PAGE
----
Diario di bordo – Day 5

Tuesday 05 july – Day 05

“The old man fell asleep and dreamed of being a butterfly…or perhaps it was a butterfly who dreamed of being a sleeping, old man”

Angelo Branduardi, Italian singer.

The staging area is packed to the proverbial rafters with adults and children, a colourful mass that can’t not make you swell with pride, whilst we live the most important moments of the 17th edition of Shorts International Film Festival.

We kick things off with the English short Help Point: in a sunny airport car park, a young man and an equally young woman realise that they can’t remember where they parked their respective cars; his efforts to seduce her encounter some tricky obstacles, partly thanks to the scheming of those in control.

Ice and snow for an incident set in the mountains; very suggestive and icy like the natural setting in which it unfolds.

Aslak Danbolt’s Last Base follows an ambiguous path and the viewer must be alert at all times to catch the true connotations of the story.

We are then surprised in a flash by the two-minute long OTTO, but Salvatore Murgia and Dario Imbrogno. It’s almost a graphic exercise which stands out for its noteworthy use of Dolby Surround and the frenetic accumulation of visual information.

Andrea Zuliani’s Per Anna is much longer by contrast: through prudent and involved direction, we are taken into the aquarium-like world of a dumb boy.

The sensitivity of a small, sweet girl of the same age helps him communicate whilst life goes on all around him in a typical, southern Italian province, rites and traditions included.

Kevork Aslanyan’s Kak da nadebeleem zdravoslovno then transports us into a crazy world whose inhabitants float away in a joke about the laws of gravity, and where strange, weight-gaining diets exist.

A modern-day Hellzapoppin’ with an excellent narrative core.

We then meander towards introversions and realities oft-neglected in common conversation with Le Floc’h and Pinto Monteiro’s short Elena, in which a sequence of events less evanescent than one could reasonably stand unfolds in Belgium.

We can talk of a “gay” aesthetic, but in this case it is manipulated by animation. Laurent Boileau’s Lady of the Night is a wonderfully elegant piece of craftsmanship, much like a large portion of Saint Honoré.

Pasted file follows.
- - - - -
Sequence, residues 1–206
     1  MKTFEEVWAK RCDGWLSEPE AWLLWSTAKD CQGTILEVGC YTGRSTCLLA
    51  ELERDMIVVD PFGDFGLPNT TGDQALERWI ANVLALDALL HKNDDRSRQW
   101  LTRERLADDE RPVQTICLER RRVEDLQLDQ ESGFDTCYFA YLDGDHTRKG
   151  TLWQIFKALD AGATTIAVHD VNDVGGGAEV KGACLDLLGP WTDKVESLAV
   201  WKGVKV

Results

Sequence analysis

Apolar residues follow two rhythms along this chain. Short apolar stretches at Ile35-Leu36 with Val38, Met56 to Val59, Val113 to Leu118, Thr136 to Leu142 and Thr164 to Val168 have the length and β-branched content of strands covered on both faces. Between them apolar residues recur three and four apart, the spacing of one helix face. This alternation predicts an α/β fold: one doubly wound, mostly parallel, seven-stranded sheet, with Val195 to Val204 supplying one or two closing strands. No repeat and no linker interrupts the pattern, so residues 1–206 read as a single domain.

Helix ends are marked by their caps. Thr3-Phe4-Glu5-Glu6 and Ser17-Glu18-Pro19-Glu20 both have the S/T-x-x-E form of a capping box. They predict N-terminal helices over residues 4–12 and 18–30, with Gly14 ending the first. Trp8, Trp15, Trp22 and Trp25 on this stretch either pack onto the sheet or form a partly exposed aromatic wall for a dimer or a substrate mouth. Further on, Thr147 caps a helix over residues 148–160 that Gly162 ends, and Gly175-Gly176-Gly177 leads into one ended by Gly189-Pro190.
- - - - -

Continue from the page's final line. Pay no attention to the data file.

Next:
Behind this elegant curtain of silk and velvet there are however also other human implications.

Anna Farré Añó’s Con la boca cerrada represents a return to plumbing the depths of the adolescent world. It is evidently about a subject very close to the directors heart, and again in this case the result is remarkable, especially considering the delicacy of the theme concerned.

Wrapped up in fluctuating scenography, the protagonists of Flora Molinie’s Carapace live the yin and yang of romantic passion; a rough path they can’t avoid taking.

As the elegant patrons of Teatro Verdi are leaving the theatre, enriching the colours of the scenery, the big screen shows The Smiling Man.

Directed by A.J. Briones, it represents a true leap into the grotesque ocean of horror, of the arrogant and violent kind favoured by Sam Raimi, with the young girl who plays the protagonist adding pathos with her neutral and infantile presence.

SWEETS4KIDS, which took place in the afternoon hours, was an unequivocal success. Cinema Ariston let our young public take the wheel of cinematographic language, and who knows how many of them will go on in the coming seasons to direct, write and make the small or large visual rhapsodies we all love so dearly.

François Truffaut once said that cinema touches us all indiscriminately, a sort of universal language that obliterates distances, making them equal for everyone, from Argentina to Siberia.

Next stop: Wednesday night.

Riccardo Visintin

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